James's Light Meter Collection: Instoscope
Instoscope Click for instruction manual (close enough)
Maker: Photo Utilities (also DREM)
Model: Instoscope
Circa: 1937
Price (new): $2.60
Measure type: Extinction

click for larger imageThis is an extinction meter, sometimes also called an optical meter. There are no electrical components: no cell, no ammeter, no wires. It was pre-photo-electric technology that continued to sell because it was 1/8th the price of even a mediocre selenium meter. It's fun to read some of the ads because they try to play up all the virtues: won't break if it's dropped, can be used in the rain, it's small and light and a very inexpensive.

Extinction meters worked on the idea similar to a step wedge, where each section was progressively more dense and harder to read the number or letter in it.


So you peep through this thing and see which is the last letter than can be reasonably seen, because the more light, the more letters will light up; the less light, the fewer.

The outside cylinder of this thing is the exposure computer. The top of the cylinder turns, so you match up the letter to an arrow, then find which column matches your film speed, and that gives you your speed/aperture pairs.

A nice touch: the eyepiece can be adjusted to focus on the strip inside, so you can use it without glasses.

I have two. One is the original DREM made in Austria. DREM is an acronym for "Dr. Emil Mayer," and they made a lot of variations of this meter with slightly different names. It's marked only in Scheiner. I also have one that was made in the USA that is the same thing, except that it's marked in both Scheiner and Weston numbers.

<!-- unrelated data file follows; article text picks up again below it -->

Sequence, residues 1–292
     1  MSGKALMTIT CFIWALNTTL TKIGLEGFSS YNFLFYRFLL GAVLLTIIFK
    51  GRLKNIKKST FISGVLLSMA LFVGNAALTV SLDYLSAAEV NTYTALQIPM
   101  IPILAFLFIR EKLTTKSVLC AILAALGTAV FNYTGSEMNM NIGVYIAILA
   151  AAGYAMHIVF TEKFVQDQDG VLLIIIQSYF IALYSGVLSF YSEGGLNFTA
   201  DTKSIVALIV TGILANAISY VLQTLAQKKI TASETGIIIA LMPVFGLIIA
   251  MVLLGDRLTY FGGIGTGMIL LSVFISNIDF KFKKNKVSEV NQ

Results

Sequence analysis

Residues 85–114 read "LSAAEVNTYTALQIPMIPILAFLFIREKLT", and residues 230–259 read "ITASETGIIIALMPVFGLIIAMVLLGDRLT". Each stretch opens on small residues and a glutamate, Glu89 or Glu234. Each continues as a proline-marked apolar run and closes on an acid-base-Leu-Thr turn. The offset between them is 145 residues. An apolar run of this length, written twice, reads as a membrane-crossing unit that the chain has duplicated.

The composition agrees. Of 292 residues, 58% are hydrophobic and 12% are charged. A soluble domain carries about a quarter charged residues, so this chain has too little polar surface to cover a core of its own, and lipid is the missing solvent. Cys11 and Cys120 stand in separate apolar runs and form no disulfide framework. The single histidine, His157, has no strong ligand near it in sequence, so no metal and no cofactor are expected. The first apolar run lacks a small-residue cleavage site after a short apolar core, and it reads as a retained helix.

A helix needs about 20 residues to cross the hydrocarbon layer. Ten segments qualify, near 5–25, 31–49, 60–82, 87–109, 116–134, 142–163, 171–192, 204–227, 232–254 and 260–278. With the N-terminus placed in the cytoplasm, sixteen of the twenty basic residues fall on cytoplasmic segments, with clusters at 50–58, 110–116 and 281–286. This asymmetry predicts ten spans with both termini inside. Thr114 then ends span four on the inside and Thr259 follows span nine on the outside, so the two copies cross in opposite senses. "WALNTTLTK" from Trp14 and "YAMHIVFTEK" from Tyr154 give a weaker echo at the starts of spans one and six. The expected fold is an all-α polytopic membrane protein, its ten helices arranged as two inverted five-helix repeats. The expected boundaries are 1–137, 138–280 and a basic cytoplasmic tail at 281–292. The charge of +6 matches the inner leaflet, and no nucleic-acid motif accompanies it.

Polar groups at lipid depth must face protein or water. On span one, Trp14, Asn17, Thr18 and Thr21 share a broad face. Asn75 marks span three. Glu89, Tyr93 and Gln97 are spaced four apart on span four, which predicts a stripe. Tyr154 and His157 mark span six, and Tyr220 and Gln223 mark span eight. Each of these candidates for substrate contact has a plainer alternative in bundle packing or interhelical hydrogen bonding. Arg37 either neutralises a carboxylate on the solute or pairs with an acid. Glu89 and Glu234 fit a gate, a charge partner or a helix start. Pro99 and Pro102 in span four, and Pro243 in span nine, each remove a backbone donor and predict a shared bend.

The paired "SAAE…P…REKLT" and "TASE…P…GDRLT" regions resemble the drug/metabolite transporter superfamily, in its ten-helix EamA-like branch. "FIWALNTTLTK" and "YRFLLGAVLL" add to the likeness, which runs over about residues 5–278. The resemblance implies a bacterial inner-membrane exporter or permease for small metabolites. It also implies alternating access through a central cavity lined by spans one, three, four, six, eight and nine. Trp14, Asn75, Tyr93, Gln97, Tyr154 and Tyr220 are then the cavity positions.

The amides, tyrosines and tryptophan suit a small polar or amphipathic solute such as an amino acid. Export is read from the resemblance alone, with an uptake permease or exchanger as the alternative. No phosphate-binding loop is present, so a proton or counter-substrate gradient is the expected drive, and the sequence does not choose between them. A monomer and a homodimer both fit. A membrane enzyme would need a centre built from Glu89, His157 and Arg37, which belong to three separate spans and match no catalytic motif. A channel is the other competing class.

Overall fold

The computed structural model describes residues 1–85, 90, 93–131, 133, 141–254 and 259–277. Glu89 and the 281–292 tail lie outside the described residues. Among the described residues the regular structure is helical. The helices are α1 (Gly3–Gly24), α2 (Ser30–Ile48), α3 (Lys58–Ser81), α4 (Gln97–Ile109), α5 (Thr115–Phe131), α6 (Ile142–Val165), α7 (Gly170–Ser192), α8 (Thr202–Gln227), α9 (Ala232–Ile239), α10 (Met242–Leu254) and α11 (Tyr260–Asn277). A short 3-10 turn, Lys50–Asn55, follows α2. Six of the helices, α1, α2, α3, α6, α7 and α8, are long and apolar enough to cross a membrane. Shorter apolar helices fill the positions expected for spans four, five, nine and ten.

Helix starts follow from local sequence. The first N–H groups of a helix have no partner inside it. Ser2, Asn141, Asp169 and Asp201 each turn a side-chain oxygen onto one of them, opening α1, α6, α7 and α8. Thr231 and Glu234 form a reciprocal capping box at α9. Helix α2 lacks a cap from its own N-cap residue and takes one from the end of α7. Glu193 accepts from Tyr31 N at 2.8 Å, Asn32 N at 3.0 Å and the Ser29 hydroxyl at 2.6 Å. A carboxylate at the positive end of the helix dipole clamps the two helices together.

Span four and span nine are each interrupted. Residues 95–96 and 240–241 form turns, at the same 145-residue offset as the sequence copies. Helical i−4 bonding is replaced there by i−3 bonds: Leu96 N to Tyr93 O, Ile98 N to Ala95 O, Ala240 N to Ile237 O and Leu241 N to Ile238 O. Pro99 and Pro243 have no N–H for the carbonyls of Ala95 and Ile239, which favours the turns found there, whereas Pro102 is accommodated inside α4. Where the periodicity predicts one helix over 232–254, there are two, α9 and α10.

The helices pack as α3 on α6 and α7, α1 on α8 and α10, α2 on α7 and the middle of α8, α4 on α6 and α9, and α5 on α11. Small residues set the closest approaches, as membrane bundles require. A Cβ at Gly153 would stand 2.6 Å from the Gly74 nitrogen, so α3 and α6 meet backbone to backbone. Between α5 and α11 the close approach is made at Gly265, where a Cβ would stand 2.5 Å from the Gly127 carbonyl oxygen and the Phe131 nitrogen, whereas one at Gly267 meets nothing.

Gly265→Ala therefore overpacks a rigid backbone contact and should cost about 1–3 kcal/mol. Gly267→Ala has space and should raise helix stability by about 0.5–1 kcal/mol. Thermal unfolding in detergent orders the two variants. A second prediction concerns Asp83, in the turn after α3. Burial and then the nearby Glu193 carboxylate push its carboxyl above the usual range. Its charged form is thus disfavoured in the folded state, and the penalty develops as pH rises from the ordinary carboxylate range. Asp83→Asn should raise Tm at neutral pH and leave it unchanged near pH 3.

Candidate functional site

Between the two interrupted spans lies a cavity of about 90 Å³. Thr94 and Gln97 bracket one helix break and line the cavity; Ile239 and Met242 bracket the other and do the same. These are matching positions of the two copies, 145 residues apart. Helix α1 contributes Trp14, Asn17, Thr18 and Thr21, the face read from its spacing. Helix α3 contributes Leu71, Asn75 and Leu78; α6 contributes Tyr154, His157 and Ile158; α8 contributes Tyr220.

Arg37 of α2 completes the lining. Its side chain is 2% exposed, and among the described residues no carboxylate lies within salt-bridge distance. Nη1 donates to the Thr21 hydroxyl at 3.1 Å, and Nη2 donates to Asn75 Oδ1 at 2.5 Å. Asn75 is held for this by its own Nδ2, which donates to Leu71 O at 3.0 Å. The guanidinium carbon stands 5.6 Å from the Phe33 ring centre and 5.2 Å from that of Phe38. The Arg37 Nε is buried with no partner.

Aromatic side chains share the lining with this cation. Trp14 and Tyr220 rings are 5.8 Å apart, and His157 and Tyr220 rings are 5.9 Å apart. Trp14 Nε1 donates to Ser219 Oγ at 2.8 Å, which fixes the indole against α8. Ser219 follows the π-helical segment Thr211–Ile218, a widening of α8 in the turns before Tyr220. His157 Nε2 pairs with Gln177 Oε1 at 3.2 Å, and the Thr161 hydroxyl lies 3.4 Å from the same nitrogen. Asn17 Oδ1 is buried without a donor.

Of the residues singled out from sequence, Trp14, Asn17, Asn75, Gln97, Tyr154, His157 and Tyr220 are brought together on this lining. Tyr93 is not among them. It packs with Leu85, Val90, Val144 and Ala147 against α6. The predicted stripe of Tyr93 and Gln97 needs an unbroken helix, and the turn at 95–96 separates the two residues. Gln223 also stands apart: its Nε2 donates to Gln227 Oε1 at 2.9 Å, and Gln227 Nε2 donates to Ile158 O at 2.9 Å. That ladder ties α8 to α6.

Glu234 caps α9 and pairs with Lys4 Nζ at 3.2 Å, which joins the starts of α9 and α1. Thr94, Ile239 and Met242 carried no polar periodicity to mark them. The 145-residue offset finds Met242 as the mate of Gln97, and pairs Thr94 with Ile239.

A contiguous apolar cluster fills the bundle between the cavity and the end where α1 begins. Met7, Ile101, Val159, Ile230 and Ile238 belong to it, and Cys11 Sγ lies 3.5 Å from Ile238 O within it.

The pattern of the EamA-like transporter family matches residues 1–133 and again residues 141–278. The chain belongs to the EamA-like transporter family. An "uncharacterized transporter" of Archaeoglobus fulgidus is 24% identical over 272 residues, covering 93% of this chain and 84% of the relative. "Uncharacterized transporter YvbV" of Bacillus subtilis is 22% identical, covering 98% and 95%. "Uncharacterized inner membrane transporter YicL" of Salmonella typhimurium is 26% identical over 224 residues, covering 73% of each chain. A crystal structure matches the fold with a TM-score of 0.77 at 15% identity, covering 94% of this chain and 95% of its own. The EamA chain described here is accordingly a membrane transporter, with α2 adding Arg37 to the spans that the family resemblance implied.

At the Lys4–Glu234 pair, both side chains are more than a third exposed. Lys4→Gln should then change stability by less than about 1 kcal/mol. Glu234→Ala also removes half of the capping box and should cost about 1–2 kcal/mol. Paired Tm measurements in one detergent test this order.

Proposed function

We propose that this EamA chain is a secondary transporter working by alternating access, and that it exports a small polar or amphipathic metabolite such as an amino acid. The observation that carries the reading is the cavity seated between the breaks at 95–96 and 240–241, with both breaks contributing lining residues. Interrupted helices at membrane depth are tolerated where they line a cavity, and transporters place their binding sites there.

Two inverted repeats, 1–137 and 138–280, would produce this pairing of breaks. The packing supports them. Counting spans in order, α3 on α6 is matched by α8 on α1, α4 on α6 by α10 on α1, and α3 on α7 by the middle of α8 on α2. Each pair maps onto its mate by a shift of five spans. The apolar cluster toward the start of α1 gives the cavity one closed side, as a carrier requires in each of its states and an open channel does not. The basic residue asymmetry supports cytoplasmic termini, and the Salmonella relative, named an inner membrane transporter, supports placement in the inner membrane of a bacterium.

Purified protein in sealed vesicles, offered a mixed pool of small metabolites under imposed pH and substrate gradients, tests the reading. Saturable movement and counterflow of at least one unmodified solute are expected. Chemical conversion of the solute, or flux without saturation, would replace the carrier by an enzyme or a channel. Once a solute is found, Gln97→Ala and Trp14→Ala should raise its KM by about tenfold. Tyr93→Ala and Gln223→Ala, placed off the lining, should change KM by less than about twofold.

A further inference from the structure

How to use it: I'm holding mine upright, eyecup on top, so that the writing reads properly. Just like it is in the photo here.

At the top there's the part that turns, and there are two rows. The top row has letters that correspond to the letters inside when you look through it.

On mine, underneath the letter D, there's a red triangle pointing down.

Just below the ring that turns there's the table with all the f/stops and speeds. And at the top of this, just underneath the ring, there's a row with the Scheiner speeds. Mine has 17-19, 20-22, 23-25, 26-28, 29-31.

Rotate the ring until the red triangle points to the Scheiner speed for the film you're using.

So for example, let's say our Scheiner speed is 26. You rotate the red triangle to line up with the 26-28 column.

You look inside and figure out which letter applies. Let's say it's F. So you find F at the top of the ring and go down that column. Pick a shutter speed from that column. Let's choose the top one, 1/25th. We go sideways along this row until we get to the f/stop list. In this case it's ƒ/1.4. So there you go.

If you wanted to add in a filter-factor, let's say you're shooting through a 4x ND filter. You look at the red triangle and two columns to the right there's a 4x mark. You put that on your Scheiner speed column. Then you take your reading, find your letter, go down the column, pick a shutter, and it tells you your aperture. Or you pick an aperture, and slide sideways along the row until you find the column with your letter, and there's your shutter speed.

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